On the newspaper front, we have an article from Rich Edmonds, a media analyst, at Poynter Online. He notes that while newspaper online advertising revenue growth has been the bright spot of the industry, it has been feeling a significant slowdown. As he notes, part of it owes to the calculations of growth percentages: as the total gets bigger, the percentage any addition represents is smaller.
But this so-called “law of large numbers” is not the whole story. As for the rest, "it is all to do with classified upsells," analyst Paul Ginocchio of Deutsche Bank Securities, wrote me in an e-mail. Classifieds are the leading edge of the bleeding in print advertising, with losses substantially worse than even pessimists had forecast for 2007. Unfortunately, as Ginocchio notes, classifieds typically make up about 70 percent of the typical newspaper site’s online ad revenue.
In the view of Edmonds, newspapers will need some significnatly new strategies - not more porting paper to pixels. He has some observations and recommendations worth reading. As always, no single piece of information should determine your business strategy. But, put together, they help to give some view of the near and mid-term futures of your industry.

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Tuesday, October 9, 2007

Australia Becomes Viable Market

A little over a month ago I mentioned that some foreign markets were becoming interesting business prospects for writers because of the fall of the dollar. Since then, the Canadian dollar has reached complete parity with currency here, which means that a magazine in Canada that pays $1 a word Canadian has just become a market that pays $1 a word American.

Now add another market - Australia. A few years ago, the Australian dollar was running at about 50 cents American. Yesterday, it hit a 23-year high - just over 90 cents - according to the Wall Street Journal. The trick here, as with Canada, is to find a publisher paying a reasonable amount in native currency. That means you'll bee seeing the same here, so long as you don't get quoted a lesser rate in dollars.

Another consideration is any country on the euro. At about US$1.40, you could get a premium. Something interesting is that a strong job report did nothing to boost US currency. This could mean that the dollar will continue to drop, making foreign markets even more attractive. Ironically, you'll be using the same business strategy as major investors: find where the return on the money (or time, research, and writing) you've invested is more, and take your profits from there.

Before using such a strategy, though, check with your bank. You want to be sure that wire fees and possible charges for converting currency to the US dollar doesn't put a crimp in the deal.

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Tuesday, September 18, 2007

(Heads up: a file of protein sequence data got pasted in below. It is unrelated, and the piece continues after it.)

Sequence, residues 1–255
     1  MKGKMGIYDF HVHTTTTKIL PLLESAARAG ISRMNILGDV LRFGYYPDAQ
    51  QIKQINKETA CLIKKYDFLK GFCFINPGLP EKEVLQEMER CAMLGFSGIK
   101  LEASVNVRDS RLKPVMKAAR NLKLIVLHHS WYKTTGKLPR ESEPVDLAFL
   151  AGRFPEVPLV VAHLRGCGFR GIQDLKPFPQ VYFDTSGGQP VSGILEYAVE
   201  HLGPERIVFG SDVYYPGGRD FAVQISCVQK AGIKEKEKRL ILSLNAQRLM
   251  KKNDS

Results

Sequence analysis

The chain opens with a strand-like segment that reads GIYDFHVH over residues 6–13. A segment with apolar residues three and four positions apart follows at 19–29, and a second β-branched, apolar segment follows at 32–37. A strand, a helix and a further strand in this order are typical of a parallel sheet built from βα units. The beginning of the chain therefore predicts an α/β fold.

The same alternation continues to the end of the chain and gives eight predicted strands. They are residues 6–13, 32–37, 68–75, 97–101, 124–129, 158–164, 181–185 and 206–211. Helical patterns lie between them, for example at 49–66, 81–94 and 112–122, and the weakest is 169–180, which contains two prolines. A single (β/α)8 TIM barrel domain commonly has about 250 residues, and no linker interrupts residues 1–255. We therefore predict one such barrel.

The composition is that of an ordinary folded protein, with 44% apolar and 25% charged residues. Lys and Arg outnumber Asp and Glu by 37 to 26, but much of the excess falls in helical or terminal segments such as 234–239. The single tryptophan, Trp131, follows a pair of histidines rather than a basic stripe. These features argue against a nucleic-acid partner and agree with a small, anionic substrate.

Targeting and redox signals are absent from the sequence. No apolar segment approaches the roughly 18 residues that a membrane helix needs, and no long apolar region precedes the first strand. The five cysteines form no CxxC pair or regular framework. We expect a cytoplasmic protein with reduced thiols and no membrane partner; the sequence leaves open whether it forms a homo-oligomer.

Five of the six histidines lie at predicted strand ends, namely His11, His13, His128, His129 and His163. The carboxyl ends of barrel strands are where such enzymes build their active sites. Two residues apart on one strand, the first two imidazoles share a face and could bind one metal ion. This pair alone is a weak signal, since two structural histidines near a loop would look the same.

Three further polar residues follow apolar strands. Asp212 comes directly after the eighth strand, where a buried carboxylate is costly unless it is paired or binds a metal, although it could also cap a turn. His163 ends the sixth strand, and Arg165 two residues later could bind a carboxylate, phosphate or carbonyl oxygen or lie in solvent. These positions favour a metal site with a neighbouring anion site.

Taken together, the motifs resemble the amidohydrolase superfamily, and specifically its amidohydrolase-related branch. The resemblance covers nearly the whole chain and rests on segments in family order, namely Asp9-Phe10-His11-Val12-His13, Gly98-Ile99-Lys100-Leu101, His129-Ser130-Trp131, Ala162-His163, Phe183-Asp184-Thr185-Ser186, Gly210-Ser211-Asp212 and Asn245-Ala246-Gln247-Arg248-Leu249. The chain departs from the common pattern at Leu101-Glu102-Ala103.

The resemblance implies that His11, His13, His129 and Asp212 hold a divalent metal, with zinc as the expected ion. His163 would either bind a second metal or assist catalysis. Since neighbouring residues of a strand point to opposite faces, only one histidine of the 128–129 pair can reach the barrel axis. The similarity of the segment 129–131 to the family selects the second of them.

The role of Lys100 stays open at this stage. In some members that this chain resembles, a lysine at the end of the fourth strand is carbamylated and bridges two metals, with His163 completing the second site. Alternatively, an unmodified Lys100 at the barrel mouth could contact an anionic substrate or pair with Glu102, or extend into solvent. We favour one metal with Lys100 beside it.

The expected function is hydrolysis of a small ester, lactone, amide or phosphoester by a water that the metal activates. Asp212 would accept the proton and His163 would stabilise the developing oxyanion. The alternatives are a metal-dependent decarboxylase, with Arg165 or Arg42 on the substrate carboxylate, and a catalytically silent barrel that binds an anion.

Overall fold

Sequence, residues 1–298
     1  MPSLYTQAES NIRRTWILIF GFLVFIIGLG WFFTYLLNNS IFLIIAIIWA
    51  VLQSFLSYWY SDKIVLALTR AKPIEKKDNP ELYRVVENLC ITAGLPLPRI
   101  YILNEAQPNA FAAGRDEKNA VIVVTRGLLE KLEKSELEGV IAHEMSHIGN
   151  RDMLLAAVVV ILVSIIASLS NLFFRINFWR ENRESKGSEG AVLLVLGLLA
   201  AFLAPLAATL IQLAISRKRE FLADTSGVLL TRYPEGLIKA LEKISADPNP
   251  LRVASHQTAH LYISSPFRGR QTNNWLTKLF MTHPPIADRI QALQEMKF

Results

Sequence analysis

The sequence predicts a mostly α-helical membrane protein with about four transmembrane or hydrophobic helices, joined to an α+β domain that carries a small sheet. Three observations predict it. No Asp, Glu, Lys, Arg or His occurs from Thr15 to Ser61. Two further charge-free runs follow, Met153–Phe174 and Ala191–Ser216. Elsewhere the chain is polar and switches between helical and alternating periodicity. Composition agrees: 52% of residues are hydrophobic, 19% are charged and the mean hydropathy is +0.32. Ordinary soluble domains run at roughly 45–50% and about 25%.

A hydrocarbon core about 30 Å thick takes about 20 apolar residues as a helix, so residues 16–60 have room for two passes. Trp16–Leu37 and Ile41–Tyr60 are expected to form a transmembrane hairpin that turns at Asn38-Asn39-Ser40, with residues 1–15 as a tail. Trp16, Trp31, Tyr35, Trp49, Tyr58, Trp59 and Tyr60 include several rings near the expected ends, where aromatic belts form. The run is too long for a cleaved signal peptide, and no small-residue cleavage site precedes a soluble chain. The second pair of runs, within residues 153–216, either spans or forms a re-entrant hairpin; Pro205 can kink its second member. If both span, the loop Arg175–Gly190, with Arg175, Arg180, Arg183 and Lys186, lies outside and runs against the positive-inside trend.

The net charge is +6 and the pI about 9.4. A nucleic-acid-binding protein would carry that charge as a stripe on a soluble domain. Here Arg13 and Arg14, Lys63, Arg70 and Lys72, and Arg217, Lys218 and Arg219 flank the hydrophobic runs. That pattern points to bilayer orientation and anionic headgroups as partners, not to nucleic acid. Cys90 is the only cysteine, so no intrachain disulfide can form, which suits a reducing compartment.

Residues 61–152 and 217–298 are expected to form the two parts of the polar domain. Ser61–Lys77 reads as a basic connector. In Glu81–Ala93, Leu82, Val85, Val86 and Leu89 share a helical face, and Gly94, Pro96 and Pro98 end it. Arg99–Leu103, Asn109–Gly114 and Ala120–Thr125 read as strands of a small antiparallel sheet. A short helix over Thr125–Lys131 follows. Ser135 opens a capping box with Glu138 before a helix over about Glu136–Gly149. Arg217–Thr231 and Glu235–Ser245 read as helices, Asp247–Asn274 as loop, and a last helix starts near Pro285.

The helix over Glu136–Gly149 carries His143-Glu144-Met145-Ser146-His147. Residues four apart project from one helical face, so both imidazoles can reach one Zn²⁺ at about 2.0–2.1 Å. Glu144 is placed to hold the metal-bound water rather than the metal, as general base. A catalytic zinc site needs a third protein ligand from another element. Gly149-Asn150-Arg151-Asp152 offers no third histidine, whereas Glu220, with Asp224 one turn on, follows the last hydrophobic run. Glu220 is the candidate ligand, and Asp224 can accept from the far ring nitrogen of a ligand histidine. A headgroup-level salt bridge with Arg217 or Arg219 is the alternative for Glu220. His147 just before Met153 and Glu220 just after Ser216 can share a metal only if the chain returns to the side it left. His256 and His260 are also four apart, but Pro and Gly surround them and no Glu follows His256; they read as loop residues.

Don't Try Breathing Helium - A Foolish Predatory Freelance Market Concept

As you may know, breathing helium makes your speech sound high-pitched and cartoon-like. It's also unhealthy if you keep inhaling for any period of time, because you miss the oxygen that keeps you alive. According to this piece in the Boston Herald, you might consider avoiding the online site The company has been trying to do the "citizen journalism" thing, otherwise known as scoring effectively free copy to build traffic and get ad money. (A pittance goes to some writers, but that to me doesn't count.) Now the Andover, MA-based business is trying something new:
But a few weeks ago Helium began offering a new product simply called “marketplace,” in which publishers and editors can advertise for certain types of stories they need.

They post a description of the article, the expected price, length and deadline - and wait for writers to submit articles for consideration.
In other words, company CEO Mark Ranalli expects publishers to tip their hands about coverage, professional freelancers to send in spec work, and "victorious" writers to fork over 20% for Helium's doing nothing more than essentially acting as a classified ad site. Oh, and they money? From "$20 to $200 for each selected article." Ooh, ooh, I'm soooo excited.

I'll give it a month and then start looking to the eastern horizon for a giant plume of smoke from the crash and burn. I don't usually take pleasure in listening for the ascending engine whine as the vehicle plummets, but I'll make an exception in this case, bad enough to pass insulting and enter the realm of laughable.

Usually people who get commissions actually do some selling and don't expect payment for standing around. This sounds like a proposition that belongs with ones you might hear in seedy bars. Oh, wait, now I know why: Pimping is still pimping.

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Wednesday, September 5, 2007

Exchange Rates and Other Markets

If you follow economic news, you might have heard that the dollar has taken a beating, and that its value has significantly dropped over the last few months. But forget any nationalistic fervor and put on your business hat. What does a company do in such circumstances? See if there is a potential advantage.